What are the physiological changes resulting from a short rest period Part 4

310716 What are the physiological changes resulting from a short rest period Part 4

When designing the program keep in mind the following definitions of rest periods:

  • “Very short rest periods: 1 minute or shorter
  • Short rest periods: 1 to 2 minutes
  • Moderate rest periods: 2 to 3 minutes
  • Long rest periods: 3 to 4 minutes
  • Very long rest periods: 5 minutes or longer”[1]

Varying the length of the rest periods can have a significant effect on the training outcome.

Based on the previous information, it should be clear that the more rest your trainee takes between the sets and exercises the more weight and repetitions can be done at specific percentages of the one repetition maximum. These increases, in both the load and repetitions, which take place for each of the different rest periods, are due to the body’s improved ability to make use of “the bicarbonate and phosphate blood and muscle buffering systems.[2]

The bicarbonate and phosphate blood and muscle buffering systems will steadily improve if the design of the program gradually introduces shorter rest periods.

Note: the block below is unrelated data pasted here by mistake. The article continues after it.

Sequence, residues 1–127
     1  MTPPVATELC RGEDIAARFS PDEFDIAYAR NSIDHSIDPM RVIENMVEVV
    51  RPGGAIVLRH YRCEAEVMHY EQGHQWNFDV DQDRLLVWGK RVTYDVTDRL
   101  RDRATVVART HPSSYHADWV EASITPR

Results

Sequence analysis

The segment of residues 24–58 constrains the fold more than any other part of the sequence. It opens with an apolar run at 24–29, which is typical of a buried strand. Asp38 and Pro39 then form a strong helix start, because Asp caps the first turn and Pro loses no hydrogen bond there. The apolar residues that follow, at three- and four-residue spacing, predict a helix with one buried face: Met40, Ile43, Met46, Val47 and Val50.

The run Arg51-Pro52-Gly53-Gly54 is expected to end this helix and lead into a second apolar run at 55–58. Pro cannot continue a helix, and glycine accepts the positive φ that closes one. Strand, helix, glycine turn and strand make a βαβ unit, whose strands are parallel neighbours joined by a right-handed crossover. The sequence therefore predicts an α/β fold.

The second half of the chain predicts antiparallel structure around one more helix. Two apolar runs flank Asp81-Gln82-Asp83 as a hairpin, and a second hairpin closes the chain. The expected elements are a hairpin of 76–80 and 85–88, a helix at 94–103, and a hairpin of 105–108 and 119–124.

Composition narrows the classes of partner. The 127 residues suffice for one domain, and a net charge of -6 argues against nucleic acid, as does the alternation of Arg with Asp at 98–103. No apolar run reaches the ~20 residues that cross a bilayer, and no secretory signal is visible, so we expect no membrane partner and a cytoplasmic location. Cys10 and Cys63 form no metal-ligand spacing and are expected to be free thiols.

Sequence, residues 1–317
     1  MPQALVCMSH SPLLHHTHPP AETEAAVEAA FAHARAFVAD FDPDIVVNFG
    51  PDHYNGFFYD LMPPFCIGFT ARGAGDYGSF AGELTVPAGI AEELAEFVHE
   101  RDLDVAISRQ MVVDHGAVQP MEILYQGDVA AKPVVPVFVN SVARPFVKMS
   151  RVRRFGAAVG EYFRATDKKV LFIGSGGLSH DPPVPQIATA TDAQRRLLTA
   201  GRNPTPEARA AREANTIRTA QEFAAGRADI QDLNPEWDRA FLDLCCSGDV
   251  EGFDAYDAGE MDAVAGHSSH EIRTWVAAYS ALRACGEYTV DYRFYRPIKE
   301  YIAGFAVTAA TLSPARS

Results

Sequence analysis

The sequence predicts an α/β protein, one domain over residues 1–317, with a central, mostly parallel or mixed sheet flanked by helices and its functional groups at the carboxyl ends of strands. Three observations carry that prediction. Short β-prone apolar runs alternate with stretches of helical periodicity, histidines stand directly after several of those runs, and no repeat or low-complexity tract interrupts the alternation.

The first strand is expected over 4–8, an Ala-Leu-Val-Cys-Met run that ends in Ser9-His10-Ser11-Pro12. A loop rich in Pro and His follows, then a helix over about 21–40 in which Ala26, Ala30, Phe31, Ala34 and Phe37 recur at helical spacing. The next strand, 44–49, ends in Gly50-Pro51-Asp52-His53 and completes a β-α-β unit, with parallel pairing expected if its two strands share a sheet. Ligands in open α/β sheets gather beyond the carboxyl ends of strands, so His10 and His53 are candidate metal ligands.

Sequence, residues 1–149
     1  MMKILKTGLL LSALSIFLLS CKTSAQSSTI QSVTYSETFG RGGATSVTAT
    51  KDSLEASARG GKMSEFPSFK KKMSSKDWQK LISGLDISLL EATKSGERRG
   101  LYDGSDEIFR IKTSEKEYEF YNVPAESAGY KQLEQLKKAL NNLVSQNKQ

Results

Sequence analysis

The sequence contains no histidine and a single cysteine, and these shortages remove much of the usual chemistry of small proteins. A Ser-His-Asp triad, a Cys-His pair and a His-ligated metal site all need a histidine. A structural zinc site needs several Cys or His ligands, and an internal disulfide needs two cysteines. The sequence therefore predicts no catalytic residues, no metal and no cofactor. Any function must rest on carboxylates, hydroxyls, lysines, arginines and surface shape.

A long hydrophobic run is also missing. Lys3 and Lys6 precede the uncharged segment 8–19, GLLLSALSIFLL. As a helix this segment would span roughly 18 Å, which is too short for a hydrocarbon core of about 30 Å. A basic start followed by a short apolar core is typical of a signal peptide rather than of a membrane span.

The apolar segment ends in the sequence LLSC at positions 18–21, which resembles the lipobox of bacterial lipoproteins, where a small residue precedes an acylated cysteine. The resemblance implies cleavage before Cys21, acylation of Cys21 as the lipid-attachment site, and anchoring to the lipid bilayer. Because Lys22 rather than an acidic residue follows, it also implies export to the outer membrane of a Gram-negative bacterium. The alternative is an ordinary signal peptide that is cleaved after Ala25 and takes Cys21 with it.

When designing resistance training programs for your trainee, varying the rest periods has a direct influence on the demands placed upon the metabolic and buffering portions and subsequently the physiological responses to the loads.

Be careful of rapidly reducing the rest periods.

An individual’s body has to adapt to the rest between sets and exercises otherwise, you run the risk of diminishing the quality of the session by overtaxing the metabolic systems ability to keep up with the demands placed upon it. The ultimate result is an inability to move the weight or to do the repetitions.

 

[1] Optimizing Strength Training, Fleck, S. J., Kraemer, W. J., Human kinetics

[2] ibid

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